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Halliburton Payments Won't Be Withheld

Army Waives Rule Despite Audit Reports

By Robert O'Harrow Jr.
Washington Post Staff Writer
Friday, February 4, 2005; Page E01

In a departure from normal policy, the Army said yesterday it will not withhold future payments to Halliburton Co., despite audit reports last summer that said the giant logistical contractor had not properly accounted for a wide variety of work in Iraq and Kuwait.

The decision comes months after Army auditors recommended withholding 15 percent of payments, about $60 million a month, from Halliburton subsidiary Kellogg, Brown & Root Inc., the largest government contractor in Iraq.

Inspector General Backs Withholding Halliburton Payments (The Washington Post, Nov 25, 2004)
Waxman Seeks New Halliburton Inquiry (The Washington Post, Nov 11, 2004)
FBI Widens Probe of Halliburton (The Washington Post, Oct 29, 2004)
Halliburton Unit Gets a Positive Review From Pentagon (The Washington Post, Sep 10, 2004)

Acquisition regulations require the withholding in cases where work has not been "definitized" -- the process in which companies negotiate the final terms, conditions and costs of work orders with the government.

Army officials sought a waiver of the requirement to "ensure we're continuing our contract operations in the theater . . . and to maintain our responsibility to the taxpayers," said Dan Carlson, a spokesman for the Army Field Support Command. Contracting officials can still withhold up to 15 percent in payments case-by-case, he said.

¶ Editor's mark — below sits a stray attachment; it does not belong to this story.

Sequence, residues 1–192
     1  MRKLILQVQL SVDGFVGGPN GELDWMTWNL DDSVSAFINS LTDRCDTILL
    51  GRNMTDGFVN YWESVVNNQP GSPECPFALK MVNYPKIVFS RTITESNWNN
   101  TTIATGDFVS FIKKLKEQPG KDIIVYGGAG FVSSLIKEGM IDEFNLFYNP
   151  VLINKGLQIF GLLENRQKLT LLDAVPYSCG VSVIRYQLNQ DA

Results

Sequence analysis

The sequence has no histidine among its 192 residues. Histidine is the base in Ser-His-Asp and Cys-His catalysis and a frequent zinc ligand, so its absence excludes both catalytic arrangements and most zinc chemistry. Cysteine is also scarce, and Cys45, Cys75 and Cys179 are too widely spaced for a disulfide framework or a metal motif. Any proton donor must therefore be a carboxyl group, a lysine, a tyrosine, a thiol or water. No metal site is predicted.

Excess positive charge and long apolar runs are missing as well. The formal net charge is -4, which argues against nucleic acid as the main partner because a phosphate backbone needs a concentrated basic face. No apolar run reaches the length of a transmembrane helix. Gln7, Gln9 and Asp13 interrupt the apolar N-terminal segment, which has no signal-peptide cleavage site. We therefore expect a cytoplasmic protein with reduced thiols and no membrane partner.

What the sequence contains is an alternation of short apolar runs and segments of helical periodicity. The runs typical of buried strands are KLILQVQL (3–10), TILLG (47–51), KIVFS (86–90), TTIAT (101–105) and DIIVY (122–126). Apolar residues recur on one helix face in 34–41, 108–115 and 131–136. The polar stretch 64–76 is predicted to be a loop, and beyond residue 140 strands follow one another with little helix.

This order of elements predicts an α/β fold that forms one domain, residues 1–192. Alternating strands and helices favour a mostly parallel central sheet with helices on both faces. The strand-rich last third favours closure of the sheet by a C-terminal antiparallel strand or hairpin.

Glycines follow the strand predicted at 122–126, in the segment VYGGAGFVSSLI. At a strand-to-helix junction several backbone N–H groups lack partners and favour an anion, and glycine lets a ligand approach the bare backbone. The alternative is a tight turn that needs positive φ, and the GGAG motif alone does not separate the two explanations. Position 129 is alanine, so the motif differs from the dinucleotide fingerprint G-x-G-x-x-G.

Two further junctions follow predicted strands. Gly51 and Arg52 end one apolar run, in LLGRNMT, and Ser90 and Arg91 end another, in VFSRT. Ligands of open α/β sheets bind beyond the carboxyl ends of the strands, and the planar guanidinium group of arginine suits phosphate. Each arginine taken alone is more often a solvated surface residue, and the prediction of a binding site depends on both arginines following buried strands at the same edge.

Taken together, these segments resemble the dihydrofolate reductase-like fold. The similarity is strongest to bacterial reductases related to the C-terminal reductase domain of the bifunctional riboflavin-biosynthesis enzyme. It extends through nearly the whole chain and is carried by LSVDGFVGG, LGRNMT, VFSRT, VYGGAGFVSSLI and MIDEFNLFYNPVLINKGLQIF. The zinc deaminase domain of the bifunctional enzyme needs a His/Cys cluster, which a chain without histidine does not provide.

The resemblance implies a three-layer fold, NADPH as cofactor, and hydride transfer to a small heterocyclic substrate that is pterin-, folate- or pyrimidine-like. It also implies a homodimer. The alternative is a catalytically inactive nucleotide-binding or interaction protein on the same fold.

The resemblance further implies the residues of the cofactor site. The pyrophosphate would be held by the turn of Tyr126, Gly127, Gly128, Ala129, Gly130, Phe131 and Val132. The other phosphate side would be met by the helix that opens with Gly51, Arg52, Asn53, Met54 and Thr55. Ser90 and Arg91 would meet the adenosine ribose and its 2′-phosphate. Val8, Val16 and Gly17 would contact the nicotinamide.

The decision was praised by Halliburton and derided by critics of the Bush administration, who said it supports claims that the company has received special treatment. Halliburton became a political lightning rod during the presidential campaign last year because Vice President Cheney was the company's chief executive from 1995 to 2000 and KBR received no-bid contracts during the war.

The government has set aside $9.3 billion to pay KBR for troop support in the Middle East, Carlson said. KBR won the contract through competitive bidding. It has been paid almost $6.4 billion for work that includes base camp operations, supply convoys, sanitation and fitness centers, the spokesman said. KBR also received a no-bid contract to repair Iraq's oil fields.

Democrats said senior Pentagon officials have ignored audit reports documenting allegations that Halliburton overcharged the government and mismanaged tax dollars. Critics complained the Pentagon has given the company special treatment by twice waiving deadlines for imposing the 15 percent withholding.

Yesterday, Rep. Henry A. Waxman (D-Calif.) amplified those complaints, saying, "This action is incomprehensible."

"Once again, the Bush Administration is putting Halliburton's interests above those of the taxpayers," Waxman said in a written statement. "Halliburton is busting the Army's budget, yet Administration officials continue to ignore rampant overcharging and the recommendations of their own auditors."

Halliburton spokeswoman Beverly Scippa said the Army's decision "means that KBR will be able to continue working closely with the Army Field Support Command . . . while still providing the same great level of support to the soldiers in the field."

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